The world of Takashi Murakami is a vibrantly psychedelic one, inhabited by – among other characters – flowers with smiling faces, anthropomorphised mushrooms, cute aliens, jellyfish and other trippy creatures.
But, for his first collaboration with Swiss luxury watchmaker Hublot, the Japanese contemporary artist has gone pitch black. He wanted to mystify, the 58-year-old says in an exclusive Zoom interview from Tokyo.
“This is my first time working with Hublot, so if I were to make it colourful, people will go, ‘oh, he is doing it again’. But if I used black, everyone will find it mysterious. There will be a mysterious story.”
Hublot Classic Fusion Takashi Murakami All Black is numbered to only 200 worldwide.
Indeed, the Hublot Classic Fusion Takashi Murakami All Black – limited to 200 pieces, each priced at $37,400 – is a hypnotic black beauty. Taking centre stage in the watch is the artist’s signature smiling flower, which has 12 petals studded with 456 black diamonds.
Mounted on a unique ball-bearing system devised by Hublot engineers, the petals swing and spin when the wearer moves his or her arms. The face of the smiling flower is inserted into the sapphire glass of the timepiece, giving it a unique three-dimensional effect.
“It’s not just a watch, it’s a piece of sculpture,” says Murakami, who cuts a quirky figure with his unkempt beard, long wild hair and John Lennon glasses.
The collaboration almost did not happen. “Miwa-san asked me again and again, five or six times, but each time, I refused,” he says, referring to Ms Miwa Sakai, Hublot’s Asia-Pacific regional director. “But she did not give up. She came to my studio one day and said: ‘You can do anything you want. You can even design the watch box.'”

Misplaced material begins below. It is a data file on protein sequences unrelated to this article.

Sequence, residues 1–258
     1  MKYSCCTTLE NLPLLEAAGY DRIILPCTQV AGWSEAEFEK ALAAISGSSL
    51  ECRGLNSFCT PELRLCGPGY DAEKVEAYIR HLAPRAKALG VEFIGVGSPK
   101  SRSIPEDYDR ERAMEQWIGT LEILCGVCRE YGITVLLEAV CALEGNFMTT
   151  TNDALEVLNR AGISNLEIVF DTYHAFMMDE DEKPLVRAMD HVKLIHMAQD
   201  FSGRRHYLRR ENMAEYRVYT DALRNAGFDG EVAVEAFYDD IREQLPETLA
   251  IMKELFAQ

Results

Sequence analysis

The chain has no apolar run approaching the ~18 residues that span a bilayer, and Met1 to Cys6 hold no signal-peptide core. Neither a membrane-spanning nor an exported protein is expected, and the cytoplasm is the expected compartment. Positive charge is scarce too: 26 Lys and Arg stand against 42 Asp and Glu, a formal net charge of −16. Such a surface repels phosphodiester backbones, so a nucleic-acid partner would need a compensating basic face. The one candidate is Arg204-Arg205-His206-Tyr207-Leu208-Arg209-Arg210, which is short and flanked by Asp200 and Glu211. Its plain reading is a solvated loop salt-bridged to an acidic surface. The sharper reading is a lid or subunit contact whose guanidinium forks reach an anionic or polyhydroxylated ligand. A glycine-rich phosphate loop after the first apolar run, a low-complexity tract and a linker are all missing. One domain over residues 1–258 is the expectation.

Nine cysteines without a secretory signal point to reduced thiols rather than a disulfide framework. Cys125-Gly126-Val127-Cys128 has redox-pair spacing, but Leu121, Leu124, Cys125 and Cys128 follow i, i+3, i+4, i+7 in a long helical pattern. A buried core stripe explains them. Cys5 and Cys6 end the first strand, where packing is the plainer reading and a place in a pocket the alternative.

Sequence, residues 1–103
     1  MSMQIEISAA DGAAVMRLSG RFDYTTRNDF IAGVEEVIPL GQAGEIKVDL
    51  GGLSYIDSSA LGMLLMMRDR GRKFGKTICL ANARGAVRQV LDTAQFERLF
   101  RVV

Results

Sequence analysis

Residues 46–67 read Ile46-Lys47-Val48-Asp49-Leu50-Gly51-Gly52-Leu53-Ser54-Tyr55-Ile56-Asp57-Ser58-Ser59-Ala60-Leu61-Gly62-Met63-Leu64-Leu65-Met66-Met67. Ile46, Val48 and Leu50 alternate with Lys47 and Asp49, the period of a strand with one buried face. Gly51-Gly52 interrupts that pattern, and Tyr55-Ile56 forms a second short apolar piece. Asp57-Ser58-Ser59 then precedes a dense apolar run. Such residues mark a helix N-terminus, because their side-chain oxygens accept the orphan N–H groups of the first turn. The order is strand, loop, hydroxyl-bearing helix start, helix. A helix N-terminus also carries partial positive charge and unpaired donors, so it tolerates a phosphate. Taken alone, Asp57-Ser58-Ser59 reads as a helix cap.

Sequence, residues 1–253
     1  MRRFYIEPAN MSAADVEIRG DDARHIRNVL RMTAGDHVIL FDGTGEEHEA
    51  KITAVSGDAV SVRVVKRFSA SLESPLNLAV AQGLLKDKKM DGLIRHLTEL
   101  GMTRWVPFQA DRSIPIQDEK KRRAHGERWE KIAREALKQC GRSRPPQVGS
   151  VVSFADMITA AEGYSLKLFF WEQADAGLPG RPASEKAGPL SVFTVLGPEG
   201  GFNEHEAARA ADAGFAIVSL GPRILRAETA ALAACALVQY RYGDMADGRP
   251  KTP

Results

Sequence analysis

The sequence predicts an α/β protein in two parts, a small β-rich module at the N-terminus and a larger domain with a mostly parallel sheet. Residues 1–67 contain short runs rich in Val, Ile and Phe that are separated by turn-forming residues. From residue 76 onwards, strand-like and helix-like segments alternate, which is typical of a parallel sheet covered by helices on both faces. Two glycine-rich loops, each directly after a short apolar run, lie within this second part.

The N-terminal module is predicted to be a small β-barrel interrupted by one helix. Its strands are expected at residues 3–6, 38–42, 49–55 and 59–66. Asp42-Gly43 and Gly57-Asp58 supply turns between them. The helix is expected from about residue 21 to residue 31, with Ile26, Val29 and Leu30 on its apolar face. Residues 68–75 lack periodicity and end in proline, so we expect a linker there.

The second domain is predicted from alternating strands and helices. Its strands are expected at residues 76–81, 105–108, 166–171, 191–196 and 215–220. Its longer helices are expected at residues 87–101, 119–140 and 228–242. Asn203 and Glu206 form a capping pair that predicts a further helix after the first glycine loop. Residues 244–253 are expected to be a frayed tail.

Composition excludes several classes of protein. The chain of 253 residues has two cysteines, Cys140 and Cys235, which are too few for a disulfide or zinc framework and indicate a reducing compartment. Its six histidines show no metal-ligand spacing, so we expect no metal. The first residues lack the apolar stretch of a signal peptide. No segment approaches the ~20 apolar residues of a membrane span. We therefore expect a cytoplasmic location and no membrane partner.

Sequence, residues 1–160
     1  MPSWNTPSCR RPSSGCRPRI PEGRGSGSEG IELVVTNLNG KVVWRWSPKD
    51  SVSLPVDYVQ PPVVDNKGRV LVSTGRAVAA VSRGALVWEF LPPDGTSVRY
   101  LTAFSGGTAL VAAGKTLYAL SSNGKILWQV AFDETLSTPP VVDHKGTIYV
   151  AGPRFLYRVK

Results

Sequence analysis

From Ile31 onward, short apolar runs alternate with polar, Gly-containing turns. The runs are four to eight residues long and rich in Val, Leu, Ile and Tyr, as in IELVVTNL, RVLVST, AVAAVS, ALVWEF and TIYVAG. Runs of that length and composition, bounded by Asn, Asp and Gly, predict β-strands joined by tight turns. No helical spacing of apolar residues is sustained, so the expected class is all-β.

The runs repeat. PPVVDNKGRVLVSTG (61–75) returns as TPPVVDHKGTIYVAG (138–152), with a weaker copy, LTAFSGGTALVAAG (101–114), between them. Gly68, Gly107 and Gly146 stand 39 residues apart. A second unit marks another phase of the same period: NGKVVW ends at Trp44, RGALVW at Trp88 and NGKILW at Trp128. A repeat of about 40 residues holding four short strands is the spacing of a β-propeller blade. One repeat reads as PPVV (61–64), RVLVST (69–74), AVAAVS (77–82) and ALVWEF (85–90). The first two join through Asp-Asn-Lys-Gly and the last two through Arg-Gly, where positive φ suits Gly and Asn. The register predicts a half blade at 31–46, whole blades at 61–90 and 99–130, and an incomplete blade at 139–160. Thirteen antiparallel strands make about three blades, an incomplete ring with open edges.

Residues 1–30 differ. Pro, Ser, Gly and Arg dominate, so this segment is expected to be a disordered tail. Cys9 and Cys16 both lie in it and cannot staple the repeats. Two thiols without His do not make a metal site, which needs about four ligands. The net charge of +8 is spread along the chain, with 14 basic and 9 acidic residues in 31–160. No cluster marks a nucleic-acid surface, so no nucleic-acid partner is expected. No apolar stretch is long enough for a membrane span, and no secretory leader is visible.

Murakami’s design for Hublot is akin to a sculpture.
Control is very important to the artist, who has 2.2 million followers on Instagram and who is most famous for re-imagining the Louis Vuitton monogram in rainbow hues when fashion designer Marc Jacobs was artistic director at the French luxury label.
Murakami also designed rapper Kanye West’s 2007 album Graduation; transformed the Adidas Yeezy Boost 350 v2 sneakers into sandals; and worked with Virgil Abloh – the American founder of fashion label Off White and artistic director of Louis Vuitton’s menswear collection – on a series of exhibitions for the Gagosian, which has galleries in the United States, Europe and Asia.
It took a visit to the Hublot manufacturing facility in Nyon, Switzerland in February last year to seal the deal.The artist was floored by how high-tech the place was. “Oh my goodness, oh my goodness, it was over my head,” he says, pursing his lips to break into a whistle.
“There were many artisans, but there were also many robots. It’s technology and craftsmanship, new and old. It really fits with my own philosophy when I make paintings or sculptures,” says Murakami, who is also a curator, thinker, product designer and entrepreneur.
Takashi Murakami’s 10-metre-high Haha Bangla Manus sculpture in Tokyo’s Roppongi Hills features the artist’s familiar floral motif see in his Hublot design.
He pioneered “superflat”, a postmodern art movement influenced by manga and anime. He also founded a gallery and art production company Kaikai Kiki, which has studios in Tokyo and New York, and employs an army of assistants. Murakami’s works fetch high prices at auctions. In 2008, the amount spent on his art at auction totalled US$36 million, with one piece, My Lonesome Cowboy, fetching US$15.2 million.
“I thought my factory was high-tech, but it’s so low-level compared with the Hublot factory. I learnt so much,” he says, adding that the visit gave him many ideas to rejuvenate his business, which was teetering on the brink of bankruptcy last year.
The pandemic has severely curtailed his ability to produce giant paintings and sculptures. At Nyon, he sketched the watch’s design based on one of his most famous motifs: a smiling flower. Murakami has an interesting story to tell about how the flower became one of his trademarks.
“This is my first time working with Hublot, so if I were to make it colourful, people will go, ‘oh, he is doing it again’. But if I used black, everyone will find it mysterious. There will be a mysterious story.”Takashi Murakami